We see the character of Henry, who Joel and Ellie meet in Pittsburgh, enforcing ethics on his younger brother Sam when the former tries to take a toy robot from a ruined store they’re sheltering in. Henry reminds him that they’re only allowed to steal what they need to survive, imposing an irrelevant moral standard on his brother in order to keep him from succumbing to a desire for Dionysian gratification. Another character, Marlene, is the leader of the Firefly faction working to beat back the country’s new totalitarian military order and find a cure for the infection. She represents the other side of the dichotomy. Though they seem to have a hierarchy and internal guidelines, the Fireflies’ willingness to work outside of the post-apocalyptic government makes them come across as anarchist rebels, free of legal constraint, in opposition to the brutal, fascistic agents of the police state controlling the game’s Quarantine Zones.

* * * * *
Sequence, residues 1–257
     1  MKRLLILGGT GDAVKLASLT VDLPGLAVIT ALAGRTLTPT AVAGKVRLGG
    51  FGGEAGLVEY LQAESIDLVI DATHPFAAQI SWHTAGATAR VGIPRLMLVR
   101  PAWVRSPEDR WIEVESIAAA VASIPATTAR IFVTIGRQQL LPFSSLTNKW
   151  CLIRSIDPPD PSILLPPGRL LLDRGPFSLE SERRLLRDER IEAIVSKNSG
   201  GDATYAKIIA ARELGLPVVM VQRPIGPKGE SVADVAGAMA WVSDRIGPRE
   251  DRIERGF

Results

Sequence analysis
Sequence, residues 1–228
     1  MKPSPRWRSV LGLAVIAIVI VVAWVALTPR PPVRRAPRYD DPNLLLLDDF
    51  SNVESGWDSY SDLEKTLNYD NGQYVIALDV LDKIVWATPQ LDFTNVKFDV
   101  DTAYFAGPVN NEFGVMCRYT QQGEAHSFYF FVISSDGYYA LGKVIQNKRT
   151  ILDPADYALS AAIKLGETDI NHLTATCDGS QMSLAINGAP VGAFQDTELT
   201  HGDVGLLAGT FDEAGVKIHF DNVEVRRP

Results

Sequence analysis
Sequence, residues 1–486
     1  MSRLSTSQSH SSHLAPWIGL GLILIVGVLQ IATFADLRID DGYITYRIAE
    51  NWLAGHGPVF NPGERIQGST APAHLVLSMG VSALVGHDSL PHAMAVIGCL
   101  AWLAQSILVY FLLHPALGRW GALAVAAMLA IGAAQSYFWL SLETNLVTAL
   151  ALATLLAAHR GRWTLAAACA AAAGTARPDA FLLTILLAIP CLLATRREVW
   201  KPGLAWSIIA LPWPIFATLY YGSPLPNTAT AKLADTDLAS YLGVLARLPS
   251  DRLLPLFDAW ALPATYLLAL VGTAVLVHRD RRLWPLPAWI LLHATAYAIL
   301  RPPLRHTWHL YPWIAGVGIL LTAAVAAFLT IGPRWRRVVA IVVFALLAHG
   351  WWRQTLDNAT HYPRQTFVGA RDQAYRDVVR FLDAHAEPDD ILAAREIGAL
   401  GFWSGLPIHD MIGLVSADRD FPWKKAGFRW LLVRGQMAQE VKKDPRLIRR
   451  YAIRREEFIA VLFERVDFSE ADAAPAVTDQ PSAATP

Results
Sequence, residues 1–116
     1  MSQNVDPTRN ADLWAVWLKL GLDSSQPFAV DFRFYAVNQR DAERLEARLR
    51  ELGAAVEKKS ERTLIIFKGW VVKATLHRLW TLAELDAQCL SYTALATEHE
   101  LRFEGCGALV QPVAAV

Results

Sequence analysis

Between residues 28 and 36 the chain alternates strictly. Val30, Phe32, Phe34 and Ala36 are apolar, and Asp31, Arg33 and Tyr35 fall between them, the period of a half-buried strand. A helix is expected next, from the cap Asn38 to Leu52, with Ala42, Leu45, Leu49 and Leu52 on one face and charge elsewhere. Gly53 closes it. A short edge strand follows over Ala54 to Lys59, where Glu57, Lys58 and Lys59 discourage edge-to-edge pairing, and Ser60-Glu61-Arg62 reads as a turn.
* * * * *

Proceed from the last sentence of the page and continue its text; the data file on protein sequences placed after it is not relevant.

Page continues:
The Last of Us always keeps Joel and Ellie at the centre of its drama, though, and it’s the last conflict between these two characters that marks the height of the game’s exploration of the control/chaos dichotomy. The goal of their journey west is to hand Ellie over to the Fireflies so they can use her immunity to infection as the basis for creating a vaccine. When Joel learns that Ellie must die in order to retrieve samples from her unique biology, he rampages through the hospital, murdering the Firefly soldiers between him and his surrogate daughter. Ellie’s death would further extend the chaos of the world, introducing a new chapter of rebirth in the apocalypse. Joel, having grown accustomed to surviving the ravaged country and, more importantly, having come to view Ellie as a replacement for the child he lost at the beginning of the game, is unable to allow more unpredictability to spread. In an act of ultimate narcissism he exerts his will through extreme violence and removes the possibility of disorder by taking Ellie away from the Firefly scientists, destroying any chance for a brighter (but uncertain) future, and ensuring that the reality that makes sense to him is protected.